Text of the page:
Short-sellers, investors who profit when stocks decline, are tasting intellectual victory, as recent sharp declines in technology stocks have placed a huge, hard-to-ignore question mark over the sustainability of the bull market.

With the tech-burdened


down 19% from its March 10 high, the crash that short-sellers have long warned of could be unfolding. Understandably, after having been consistently crushed by a decade-long bull market, the shorts are in no mood to relax. But the consensus among them seems to be that the end is more nigh than it's ever been.

"Has the back of the speculative mania been broken? My guess is that it has," says Bill Fleckenstein, of Seattle-based

Fleckenstein Capital

. "You can't unwind the last two years of speculation in a couple of days, so I expect

the market declines will continue," he adds.

At one point Tuesday, the Nasdaq was a gut-emptying 15% below Monday's closing level, but the index rallied strenuously to close just 1.8% lower. This sort of neck-snapping volatility is a sign that confusion has replaced blind optimism as the prevailing emotion in the technology sector. "This tells you that no one understands what they own," comments one New York-based veteran short-seller who requested anonymity. "Stocks are just ciphers."

'Have to See Some Despair'

Alan Newman, a consistently bearish strategist at Great Neck, N.Y.-based brokers

H.D. Brous

, believes there's still a lot of optimism in the market that needs to be squeezed out before the bottom drops out. "I don't see anything in the way of fear," he says. "I have to see some despair."

But the collapse will come, according to Newman, who is particularly worried about the amount of debt that has been used recently to buy stocks. And he's not just talking about the $265 billion of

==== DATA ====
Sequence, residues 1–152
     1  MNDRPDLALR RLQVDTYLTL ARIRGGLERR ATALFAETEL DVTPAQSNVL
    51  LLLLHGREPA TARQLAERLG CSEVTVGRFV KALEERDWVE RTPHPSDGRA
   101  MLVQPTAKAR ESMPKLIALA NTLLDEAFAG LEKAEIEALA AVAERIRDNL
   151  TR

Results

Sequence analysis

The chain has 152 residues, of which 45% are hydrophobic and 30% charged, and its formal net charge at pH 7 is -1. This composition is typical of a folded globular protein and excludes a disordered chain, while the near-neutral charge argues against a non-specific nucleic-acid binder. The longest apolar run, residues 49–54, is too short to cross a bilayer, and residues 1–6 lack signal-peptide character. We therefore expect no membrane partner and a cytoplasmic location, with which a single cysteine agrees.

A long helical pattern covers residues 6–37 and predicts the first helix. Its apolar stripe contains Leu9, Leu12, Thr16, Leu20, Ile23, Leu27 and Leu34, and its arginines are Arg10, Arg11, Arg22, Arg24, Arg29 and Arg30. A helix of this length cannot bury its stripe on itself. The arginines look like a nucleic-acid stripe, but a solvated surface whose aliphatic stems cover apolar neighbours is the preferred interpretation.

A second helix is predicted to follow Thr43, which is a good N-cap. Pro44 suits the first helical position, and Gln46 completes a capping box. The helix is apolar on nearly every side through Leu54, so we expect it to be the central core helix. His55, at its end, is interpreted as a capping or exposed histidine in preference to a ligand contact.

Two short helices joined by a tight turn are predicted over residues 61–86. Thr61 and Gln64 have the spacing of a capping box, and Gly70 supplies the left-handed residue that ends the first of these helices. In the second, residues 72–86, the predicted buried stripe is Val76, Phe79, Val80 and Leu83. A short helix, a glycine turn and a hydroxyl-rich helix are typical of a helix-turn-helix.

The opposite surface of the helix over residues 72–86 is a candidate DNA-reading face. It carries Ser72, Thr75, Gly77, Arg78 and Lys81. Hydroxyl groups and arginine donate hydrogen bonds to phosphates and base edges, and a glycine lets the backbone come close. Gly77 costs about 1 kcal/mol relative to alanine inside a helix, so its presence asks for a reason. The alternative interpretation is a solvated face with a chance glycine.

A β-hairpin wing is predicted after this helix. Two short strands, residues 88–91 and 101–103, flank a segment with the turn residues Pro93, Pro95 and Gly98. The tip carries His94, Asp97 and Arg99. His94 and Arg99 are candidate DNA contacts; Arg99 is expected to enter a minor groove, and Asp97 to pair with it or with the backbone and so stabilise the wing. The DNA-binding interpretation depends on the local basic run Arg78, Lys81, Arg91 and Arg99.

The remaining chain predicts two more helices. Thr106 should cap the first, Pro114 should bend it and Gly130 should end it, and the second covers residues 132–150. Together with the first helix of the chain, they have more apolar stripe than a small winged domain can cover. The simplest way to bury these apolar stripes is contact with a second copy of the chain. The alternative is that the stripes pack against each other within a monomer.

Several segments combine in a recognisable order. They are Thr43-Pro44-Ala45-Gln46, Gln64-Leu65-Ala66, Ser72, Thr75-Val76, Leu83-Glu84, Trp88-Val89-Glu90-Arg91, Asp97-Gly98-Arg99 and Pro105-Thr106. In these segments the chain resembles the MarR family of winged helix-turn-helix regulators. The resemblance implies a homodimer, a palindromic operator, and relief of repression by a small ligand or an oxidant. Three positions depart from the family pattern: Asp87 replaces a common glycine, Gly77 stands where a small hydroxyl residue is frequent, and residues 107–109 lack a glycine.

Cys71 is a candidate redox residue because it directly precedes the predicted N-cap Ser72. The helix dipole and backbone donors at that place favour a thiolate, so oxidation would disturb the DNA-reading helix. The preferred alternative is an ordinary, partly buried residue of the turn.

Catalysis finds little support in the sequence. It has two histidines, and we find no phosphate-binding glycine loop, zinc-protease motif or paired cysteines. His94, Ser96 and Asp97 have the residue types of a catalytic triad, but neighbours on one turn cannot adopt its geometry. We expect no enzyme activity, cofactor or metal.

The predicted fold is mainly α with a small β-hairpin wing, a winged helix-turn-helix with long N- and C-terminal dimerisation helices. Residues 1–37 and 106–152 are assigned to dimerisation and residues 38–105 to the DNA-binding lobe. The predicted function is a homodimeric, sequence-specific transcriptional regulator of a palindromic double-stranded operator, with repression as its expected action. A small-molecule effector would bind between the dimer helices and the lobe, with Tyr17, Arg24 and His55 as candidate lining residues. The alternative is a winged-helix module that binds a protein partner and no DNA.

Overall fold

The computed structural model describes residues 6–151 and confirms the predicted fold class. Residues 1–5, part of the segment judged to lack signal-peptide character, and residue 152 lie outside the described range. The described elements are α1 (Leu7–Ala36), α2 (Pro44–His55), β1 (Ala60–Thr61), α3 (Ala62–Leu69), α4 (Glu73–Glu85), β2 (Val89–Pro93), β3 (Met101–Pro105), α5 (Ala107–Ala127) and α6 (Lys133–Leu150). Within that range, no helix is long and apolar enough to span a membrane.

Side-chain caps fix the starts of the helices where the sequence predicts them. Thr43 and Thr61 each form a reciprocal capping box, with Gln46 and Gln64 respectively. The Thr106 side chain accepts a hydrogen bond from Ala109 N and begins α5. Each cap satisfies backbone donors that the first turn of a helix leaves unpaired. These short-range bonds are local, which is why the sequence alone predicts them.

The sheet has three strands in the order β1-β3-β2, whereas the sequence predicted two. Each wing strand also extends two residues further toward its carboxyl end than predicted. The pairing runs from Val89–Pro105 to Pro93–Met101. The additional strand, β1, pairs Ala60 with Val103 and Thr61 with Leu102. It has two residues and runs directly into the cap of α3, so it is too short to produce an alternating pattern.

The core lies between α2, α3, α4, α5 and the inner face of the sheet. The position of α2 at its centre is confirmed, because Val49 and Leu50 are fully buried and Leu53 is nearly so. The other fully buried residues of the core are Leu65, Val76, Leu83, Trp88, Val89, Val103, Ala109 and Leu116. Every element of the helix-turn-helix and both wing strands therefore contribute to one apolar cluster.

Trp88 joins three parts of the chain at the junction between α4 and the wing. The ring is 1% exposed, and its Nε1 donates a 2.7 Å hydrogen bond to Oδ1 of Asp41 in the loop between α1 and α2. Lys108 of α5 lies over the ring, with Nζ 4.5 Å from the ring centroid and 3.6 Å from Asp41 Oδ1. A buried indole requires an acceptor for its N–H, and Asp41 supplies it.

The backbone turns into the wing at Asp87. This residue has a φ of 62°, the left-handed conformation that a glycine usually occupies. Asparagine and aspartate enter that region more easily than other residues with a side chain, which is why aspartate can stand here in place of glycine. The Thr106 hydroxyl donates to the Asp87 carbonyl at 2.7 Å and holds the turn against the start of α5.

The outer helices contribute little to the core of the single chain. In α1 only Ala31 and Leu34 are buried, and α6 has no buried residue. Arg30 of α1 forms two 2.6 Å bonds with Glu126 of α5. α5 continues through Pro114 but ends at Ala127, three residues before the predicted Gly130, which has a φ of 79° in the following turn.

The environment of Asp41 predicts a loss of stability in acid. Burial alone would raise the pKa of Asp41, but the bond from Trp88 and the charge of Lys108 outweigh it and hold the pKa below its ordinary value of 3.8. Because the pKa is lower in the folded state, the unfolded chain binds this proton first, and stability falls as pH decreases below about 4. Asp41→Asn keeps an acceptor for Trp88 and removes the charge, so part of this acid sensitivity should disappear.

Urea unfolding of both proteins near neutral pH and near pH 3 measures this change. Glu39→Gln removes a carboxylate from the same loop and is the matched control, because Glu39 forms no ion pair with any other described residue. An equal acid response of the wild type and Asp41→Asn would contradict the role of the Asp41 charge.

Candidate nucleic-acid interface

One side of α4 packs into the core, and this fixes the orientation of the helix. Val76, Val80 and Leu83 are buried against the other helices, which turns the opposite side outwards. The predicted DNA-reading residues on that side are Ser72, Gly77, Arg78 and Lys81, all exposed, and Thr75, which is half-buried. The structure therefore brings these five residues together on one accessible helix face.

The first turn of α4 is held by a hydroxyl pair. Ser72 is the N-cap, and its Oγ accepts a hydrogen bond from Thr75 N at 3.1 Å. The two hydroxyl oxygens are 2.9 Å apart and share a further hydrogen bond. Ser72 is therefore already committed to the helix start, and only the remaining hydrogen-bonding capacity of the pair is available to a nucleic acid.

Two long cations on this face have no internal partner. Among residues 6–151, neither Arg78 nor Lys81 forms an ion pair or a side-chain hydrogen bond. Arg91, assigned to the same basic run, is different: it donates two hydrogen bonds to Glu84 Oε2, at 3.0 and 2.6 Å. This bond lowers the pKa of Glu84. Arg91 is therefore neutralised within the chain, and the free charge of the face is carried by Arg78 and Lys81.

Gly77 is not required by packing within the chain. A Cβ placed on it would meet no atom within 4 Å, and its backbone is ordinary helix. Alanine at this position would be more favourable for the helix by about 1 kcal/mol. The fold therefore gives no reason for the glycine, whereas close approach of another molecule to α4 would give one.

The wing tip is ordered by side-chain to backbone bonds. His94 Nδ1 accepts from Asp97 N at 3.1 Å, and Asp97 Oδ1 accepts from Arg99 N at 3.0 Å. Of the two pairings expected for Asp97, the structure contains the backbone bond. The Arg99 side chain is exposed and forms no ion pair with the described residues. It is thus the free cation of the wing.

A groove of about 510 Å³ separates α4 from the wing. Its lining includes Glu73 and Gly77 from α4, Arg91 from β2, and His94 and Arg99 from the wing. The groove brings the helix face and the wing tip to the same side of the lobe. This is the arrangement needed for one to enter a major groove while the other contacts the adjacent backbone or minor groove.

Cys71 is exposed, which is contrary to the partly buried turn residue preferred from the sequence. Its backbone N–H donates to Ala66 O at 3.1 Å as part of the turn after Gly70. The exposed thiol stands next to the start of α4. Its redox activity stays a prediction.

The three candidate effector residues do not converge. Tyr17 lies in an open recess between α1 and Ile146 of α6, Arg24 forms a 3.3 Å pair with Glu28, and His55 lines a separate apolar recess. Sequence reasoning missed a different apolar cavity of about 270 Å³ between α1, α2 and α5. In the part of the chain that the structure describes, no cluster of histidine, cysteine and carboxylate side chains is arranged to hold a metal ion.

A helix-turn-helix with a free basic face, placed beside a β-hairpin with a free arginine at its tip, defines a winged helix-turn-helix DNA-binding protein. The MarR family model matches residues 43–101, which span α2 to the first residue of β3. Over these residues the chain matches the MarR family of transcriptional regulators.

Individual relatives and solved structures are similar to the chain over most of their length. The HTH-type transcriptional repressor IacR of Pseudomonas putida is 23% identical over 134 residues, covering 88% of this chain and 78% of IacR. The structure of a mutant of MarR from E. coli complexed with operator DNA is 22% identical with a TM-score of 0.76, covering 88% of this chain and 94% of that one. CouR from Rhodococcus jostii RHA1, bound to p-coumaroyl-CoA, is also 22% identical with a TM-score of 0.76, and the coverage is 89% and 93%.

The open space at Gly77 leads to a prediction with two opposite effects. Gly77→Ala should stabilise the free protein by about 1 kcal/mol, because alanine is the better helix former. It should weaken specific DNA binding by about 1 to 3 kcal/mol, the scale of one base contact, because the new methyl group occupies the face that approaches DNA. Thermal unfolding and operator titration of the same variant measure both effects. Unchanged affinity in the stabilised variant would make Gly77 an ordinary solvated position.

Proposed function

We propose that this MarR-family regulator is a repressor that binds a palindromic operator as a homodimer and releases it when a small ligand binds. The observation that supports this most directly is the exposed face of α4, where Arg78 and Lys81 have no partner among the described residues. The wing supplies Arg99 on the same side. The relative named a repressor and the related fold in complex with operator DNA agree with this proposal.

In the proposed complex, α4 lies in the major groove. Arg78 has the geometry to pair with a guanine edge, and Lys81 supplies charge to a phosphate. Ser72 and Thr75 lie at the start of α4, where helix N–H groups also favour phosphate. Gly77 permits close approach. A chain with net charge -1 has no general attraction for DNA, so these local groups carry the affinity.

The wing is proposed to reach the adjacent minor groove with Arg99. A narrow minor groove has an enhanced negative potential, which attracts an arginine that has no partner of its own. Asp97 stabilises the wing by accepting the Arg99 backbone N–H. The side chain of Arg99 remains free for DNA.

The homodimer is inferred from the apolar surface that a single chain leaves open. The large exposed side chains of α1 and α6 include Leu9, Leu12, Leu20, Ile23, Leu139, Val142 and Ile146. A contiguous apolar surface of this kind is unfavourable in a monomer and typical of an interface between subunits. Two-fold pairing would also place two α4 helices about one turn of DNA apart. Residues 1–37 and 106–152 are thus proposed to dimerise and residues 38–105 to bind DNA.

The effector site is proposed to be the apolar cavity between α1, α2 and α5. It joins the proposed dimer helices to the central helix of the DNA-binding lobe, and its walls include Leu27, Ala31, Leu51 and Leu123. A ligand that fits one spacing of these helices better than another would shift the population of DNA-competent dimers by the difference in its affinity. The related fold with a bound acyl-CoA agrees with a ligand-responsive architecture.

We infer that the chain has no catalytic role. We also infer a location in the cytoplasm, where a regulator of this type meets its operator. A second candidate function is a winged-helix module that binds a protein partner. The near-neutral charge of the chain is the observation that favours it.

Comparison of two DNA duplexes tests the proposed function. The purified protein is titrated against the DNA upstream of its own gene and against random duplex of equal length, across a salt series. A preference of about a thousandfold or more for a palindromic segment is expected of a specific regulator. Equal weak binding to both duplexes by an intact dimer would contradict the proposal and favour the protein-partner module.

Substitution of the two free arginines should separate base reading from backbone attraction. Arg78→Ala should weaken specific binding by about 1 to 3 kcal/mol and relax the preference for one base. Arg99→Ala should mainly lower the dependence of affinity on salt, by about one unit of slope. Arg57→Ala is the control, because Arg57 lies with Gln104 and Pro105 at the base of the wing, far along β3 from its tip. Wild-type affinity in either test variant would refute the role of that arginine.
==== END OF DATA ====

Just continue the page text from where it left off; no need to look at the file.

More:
margin debt. He estimates, very roughly, that other types of debt used to finance stock purchases -- second mortgages, home-equity loans and credit card borrowing -- could equal the amount of margin debt outstanding.

"This has been the greatest mania of all time," says Newman. "I think stocks will underperform for a long time" after the collapse, he says.

Stock exchange statistics show a small increase in short-selling recently. In mid-March, 2.67 billion shares were sold short on the Nasdaq, a 4.3% rise on the 2.56 billion in mid-February, according to the exchange. Almost the same thing happened on the

New York Stock Exchange

, where short interest totaled 4.11 billion shares, a 5.7% rise from the month-earlier figure, according to the exchange.

Not Just the Techies

As can be seen from the NYSE stats, it'd be a mistake to assume that only tech stocks are getting shorted. One East Coast-based bank stock fund manager is taking aim at banks he believes are either overvalued or have large exposure to the tech market through their investment banking divisions or through their venture capital arms.

The manager, who requested anonymity, says banks such as

Northern Trust

(NTRS) - Get Report


State Street

(STT) - Get Report

are trading at valuations that are far too high for their profit-growth rates. He names



as a bank with vast

tech exposure. (His fund is effectively short all three banks, via options.)

Accepted wisdom has it that short-sellers are misanthropes who like to profit from other people's misfortune. But Fleckenstein feels apologetic as he begins to look vindicated. "The bad thing about being bearish and being right is that a lot of people get hurt," he says. "Anyone who celebrates this is irresponsible."

But he's no less bearish -- even when it comes to the real economy. "A tremendous misallocation of capital has occurred," he explains. "When the stock market busts, there'll be a recession."